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Trends Parasitol. 2015 Sep;31(9):413-8. doi: 10.1016/j.pt.2015.05.007. Epub 2015 Jun 10.

Making the best of a bad situation: host partial resistance and bypass of behavioral manipulation by parasites?

Author information

1
Department of Biology, John Abbott College, 21275 Lakeshore Rd, Sainte-Anne-de-Bellevue, QC, H9X 3L9, Canada.
2
Department of Zoology, University of Oxford, South Parks Road, Oxford, OX1 3PS, UK.
3
Institut de Recherche en Biologie Végétale, Département de Sciences Biologiques, Université de Montréal, 4101 Sherbrooke Est, Montréal, QC, H1X 2B2, Canada.
4
Evolutionary and Behavioural Ecology Research Group, Department of Biosciences, Simon Fraser University, Burnaby, BC, V5A 1S6, Canada.
5
Unité mixte internationale de Modélisation Mathématique et Informatique des Systèmes Complexes (UMI IRD/UPMC UMMISCO), 32 Avenue Henri Varagnat, 93143 Bondy Cedex, France; MIVEGEC - UMR (IRD/CNRS/UM) 5290, Maladies Infectieuses et Vecteurs: Ecologie, Génétique, Evolution et Contrôle, Centre IRD- 911 Avenue Agropolis - BP 64501, 34394 Montpellier Cedex 5, France.
6
Unité mixte internationale de Modélisation Mathématique et Informatique des Systèmes Complexes (UMI IRD/UPMC UMMISCO), 32 Avenue Henri Varagnat, 93143 Bondy Cedex, France. Electronic address: frederic.thomas2@ird.fr.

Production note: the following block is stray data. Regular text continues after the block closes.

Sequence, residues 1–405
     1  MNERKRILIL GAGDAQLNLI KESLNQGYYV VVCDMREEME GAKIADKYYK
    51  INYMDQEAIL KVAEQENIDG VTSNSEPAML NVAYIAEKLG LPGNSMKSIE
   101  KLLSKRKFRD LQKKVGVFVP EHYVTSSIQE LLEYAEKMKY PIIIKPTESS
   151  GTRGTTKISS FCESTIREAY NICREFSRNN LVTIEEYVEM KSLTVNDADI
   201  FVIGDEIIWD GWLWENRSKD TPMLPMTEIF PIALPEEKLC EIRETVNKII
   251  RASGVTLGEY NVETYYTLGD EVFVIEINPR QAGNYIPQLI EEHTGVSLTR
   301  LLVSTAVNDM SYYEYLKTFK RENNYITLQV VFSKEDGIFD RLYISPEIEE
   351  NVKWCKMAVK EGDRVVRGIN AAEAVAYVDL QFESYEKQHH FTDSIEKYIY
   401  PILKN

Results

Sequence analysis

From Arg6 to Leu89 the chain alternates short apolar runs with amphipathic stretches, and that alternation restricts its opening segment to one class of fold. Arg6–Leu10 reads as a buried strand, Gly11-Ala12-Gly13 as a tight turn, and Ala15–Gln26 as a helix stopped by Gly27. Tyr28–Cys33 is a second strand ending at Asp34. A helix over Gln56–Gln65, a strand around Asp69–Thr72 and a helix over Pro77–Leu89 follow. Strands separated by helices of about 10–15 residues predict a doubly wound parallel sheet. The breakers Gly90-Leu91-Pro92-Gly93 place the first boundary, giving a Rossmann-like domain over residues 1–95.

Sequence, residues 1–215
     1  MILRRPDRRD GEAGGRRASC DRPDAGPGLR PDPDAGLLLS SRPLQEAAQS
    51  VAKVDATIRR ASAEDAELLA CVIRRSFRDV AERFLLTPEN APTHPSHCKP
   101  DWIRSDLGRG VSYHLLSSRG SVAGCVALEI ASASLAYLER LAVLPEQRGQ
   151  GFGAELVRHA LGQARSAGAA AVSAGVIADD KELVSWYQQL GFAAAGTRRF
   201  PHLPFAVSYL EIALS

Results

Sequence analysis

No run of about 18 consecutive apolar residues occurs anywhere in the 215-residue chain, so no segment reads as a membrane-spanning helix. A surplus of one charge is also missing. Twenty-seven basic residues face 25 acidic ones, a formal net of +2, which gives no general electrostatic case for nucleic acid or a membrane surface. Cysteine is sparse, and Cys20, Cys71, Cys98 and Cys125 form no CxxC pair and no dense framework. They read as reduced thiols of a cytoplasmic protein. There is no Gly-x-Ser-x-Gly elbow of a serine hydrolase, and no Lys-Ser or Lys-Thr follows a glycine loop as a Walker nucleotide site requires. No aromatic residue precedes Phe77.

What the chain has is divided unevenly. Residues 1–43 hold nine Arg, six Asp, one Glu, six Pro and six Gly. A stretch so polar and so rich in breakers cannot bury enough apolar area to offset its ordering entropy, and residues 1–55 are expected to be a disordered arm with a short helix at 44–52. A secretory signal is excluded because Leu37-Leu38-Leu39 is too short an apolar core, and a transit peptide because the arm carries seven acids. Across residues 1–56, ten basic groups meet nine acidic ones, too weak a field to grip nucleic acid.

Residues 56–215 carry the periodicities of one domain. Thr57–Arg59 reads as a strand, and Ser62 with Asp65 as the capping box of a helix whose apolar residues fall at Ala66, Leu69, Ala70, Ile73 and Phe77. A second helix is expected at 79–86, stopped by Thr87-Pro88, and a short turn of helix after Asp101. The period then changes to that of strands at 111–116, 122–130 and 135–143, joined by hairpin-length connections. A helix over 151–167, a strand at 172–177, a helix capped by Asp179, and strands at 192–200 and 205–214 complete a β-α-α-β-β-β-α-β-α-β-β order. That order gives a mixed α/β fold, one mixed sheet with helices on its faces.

Abstract

With few exceptions, parasitic manipulation dramatically reduces host fitness. That said, evidence of host resistance to behavior-manipulating parasites is scarce. Here, we suggest that the evolution of partial resistance, as well as bypass, to manipulation (PRM and BPM, respectively) represents new, seldom-explored options for parasitized hosts. Natural selection could favor hosts that partially resist certain manipulative dimensions to postpone their death and perform additional reproductive episodes (PRM). Alternatively, manipulated hosts may express novel traits that do not alter the manipulation per se but that alleviate its detrimental fitness consequences (BPM). If effective, PRM and BPM have many implications for the ecology and evolution of hosts and their parasites, especially the evolution of multidimensional manipulations.

KEYWORDS:

manipulation; parasites; phenotype; resistance

PMID:
26072349
DOI:
10.1016/j.pt.2015.05.007
[Indexed for MEDLINE]

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